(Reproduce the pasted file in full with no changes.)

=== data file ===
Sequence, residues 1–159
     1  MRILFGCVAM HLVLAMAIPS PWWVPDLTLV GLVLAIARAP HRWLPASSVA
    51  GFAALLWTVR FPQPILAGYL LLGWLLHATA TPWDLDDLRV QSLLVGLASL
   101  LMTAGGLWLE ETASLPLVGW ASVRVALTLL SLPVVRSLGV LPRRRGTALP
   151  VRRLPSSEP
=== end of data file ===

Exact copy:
Sequence, residues 1–159
     1  MRILFGCVAM HLVLAMAIPS PWWVPDLTLV GLVLAIARAP HRWLPASSVA
    51  GFAALLWTVR FPQPILAGYL LLGWLLHATA TPWDLDDLRV QSLLVGLASL
   101  LMTAGGLWLE ETASLPLVGW ASVRVALTLL SLPVVRSLGV LPRRRGTALP
   151  VRRLPSSEP